the sender's name and email address, originating email server IP
address, recipient IP address and any transfers in the process.
House list: The list of email addresses an organization develops on its own. (Your own list.)
Hygiene: The process of cleaning a database to correct incorrect or outdated values. See also List Hygiene.
IMAP: Internet Message Access Protocol, a standard protocol for accessing email from a server.
Impression: A single view of one page by a single user, used in calculating advertising rates.
A unique number assigned to each device connected to the Internet. An
IP address can be dynamic, meaning it changes each time an email message
or campaign goes out, or it can be static, meaning it does not change.
Static IP addresses are best, because dynamic IP addresses often trigger
ISP: Internet Service Provider. Examples: AOL, EarthLink, MSN
A spam-industry term for a forged email, in which a spammer or hacker
fakes a genuine email address in order to hide his identity.
A Web page viewed after clicking on a link within an email. Also may
be called a microsite, splash page, bounce page, or click page.
What happens when links go bad over time, either because a Web site has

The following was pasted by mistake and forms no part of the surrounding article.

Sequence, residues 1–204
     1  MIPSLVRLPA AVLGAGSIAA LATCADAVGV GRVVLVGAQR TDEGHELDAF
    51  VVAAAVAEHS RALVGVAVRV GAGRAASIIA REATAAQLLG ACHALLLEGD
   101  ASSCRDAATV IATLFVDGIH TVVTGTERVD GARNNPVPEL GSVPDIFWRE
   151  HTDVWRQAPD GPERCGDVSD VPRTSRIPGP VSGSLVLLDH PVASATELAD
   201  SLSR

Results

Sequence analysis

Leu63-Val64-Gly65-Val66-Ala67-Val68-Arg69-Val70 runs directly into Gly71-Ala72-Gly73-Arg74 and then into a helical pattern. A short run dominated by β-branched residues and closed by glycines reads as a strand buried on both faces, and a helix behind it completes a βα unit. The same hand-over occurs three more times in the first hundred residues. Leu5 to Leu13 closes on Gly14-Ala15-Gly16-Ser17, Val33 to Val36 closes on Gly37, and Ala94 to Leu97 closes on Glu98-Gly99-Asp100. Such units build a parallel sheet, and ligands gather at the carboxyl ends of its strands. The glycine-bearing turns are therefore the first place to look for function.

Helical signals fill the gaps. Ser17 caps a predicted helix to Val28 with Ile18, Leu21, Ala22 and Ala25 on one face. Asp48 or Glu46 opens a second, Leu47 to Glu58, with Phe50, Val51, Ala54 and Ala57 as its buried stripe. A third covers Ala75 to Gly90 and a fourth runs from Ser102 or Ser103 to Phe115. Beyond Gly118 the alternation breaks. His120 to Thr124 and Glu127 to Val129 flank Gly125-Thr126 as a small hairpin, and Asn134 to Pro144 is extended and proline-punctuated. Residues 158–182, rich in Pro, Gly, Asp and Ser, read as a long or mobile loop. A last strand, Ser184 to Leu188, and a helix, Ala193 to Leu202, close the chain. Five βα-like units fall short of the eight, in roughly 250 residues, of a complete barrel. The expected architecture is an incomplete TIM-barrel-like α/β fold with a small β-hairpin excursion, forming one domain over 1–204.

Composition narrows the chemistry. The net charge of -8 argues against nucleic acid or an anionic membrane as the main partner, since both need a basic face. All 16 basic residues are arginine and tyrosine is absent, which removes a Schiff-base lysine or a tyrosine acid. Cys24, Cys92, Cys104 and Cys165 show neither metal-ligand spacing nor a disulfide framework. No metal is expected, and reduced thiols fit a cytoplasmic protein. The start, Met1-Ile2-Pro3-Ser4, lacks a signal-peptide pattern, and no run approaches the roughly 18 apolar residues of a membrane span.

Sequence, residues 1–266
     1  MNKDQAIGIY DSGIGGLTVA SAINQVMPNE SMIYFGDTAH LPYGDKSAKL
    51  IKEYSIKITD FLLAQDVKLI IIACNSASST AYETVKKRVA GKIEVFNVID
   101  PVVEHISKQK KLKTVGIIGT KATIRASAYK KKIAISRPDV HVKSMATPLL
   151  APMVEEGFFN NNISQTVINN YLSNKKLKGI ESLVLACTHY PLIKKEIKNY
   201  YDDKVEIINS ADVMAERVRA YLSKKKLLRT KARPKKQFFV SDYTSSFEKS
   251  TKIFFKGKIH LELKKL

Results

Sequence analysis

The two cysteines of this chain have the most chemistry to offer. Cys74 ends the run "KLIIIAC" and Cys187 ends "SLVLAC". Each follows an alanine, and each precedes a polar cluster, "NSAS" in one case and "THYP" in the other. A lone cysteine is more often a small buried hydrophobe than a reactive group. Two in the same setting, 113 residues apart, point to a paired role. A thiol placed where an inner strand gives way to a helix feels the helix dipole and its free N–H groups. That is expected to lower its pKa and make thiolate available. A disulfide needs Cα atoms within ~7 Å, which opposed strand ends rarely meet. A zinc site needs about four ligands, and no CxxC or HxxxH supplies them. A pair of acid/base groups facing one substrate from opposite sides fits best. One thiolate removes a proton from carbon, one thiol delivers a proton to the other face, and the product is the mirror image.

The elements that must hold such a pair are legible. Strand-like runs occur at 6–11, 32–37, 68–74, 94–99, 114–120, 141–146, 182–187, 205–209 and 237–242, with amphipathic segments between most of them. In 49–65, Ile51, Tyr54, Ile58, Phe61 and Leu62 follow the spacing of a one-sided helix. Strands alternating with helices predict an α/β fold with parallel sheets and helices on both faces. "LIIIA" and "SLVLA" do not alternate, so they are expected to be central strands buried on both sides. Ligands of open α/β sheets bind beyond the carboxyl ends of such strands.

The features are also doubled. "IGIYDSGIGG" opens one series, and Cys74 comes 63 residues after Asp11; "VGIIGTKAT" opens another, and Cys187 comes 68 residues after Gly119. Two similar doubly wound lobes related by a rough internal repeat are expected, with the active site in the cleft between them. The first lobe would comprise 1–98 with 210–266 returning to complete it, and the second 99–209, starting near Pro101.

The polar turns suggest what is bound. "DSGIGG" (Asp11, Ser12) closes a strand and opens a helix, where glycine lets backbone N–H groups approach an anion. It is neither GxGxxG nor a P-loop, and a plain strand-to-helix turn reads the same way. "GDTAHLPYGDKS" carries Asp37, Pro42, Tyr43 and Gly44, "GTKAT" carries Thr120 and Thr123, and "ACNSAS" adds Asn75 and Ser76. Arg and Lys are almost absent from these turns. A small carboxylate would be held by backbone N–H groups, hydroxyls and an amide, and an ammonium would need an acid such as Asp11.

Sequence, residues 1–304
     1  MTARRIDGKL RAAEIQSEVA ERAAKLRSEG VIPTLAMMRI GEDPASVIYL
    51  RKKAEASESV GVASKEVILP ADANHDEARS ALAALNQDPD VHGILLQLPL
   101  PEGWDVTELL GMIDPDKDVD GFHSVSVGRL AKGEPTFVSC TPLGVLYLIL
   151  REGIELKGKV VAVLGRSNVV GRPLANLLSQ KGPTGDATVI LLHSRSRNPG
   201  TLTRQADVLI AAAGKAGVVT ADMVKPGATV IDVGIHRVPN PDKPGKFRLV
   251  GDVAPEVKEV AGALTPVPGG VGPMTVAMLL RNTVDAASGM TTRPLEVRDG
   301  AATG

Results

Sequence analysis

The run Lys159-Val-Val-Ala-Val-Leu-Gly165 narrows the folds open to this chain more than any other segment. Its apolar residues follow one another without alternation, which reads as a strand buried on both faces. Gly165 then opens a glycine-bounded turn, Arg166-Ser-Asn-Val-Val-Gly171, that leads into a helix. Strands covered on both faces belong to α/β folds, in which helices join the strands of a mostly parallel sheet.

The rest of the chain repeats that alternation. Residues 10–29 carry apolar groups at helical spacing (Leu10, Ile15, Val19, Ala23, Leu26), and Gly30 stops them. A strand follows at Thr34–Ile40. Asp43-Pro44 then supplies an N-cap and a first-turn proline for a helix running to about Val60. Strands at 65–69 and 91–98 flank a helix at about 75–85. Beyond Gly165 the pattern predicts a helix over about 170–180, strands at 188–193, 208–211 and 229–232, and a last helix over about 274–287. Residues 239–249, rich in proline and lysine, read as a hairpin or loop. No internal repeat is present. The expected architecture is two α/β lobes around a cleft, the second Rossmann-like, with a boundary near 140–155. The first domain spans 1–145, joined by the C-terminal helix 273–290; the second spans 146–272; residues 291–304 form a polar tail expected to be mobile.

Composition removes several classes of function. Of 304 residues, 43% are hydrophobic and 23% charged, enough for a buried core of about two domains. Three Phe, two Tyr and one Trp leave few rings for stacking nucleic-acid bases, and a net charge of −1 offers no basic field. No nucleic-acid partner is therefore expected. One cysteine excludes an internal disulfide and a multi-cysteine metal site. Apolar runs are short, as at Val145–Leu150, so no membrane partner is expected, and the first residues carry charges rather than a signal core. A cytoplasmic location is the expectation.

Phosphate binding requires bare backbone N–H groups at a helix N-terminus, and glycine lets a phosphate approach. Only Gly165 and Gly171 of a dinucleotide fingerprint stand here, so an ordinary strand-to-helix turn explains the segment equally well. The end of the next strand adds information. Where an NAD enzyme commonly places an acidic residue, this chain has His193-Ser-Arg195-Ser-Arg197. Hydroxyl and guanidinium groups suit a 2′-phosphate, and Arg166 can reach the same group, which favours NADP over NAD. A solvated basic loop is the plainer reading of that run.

shut down or a site has stopped supporting a unique landing page
provided in an email promotion.
List: The list
of email addresses to which you send your message. Can be either your
house list or a third-party list that sends your message on your behalf.
A condition producing diminishing returns from a mailing list whose
members are sent too many offers, or too many of the same offers, in too
short a period of time.
List host: See email vendors.
The act of maintaining a list so that hard bounces and unsubscribed
names are removed from mailings. Some list owners also use an email
change-of-address service to update old or abandoned email addresses
(hopefully with a permission step baked in) as part of this process.
How a mailing list is set up, administered and maintained. The list
manager has daily responsibility over list operation, including
processing subscribes and unsubscribes, bounce management, list hygiene,
etc. The list manager can be the same as the database manager but is
not always the same person as the list owner. See list owner.
The organization or individual who has gathered a list of email
addresses. Ownership does not necessarily imply "with permission."
The process in which a publisher or advertiser pays a list owner to
send its messages to that list. Usually involves the list owner sending
the message's on the advertiser's behalf. (If someone hands over their
list to you, beware.)
List sale: The actual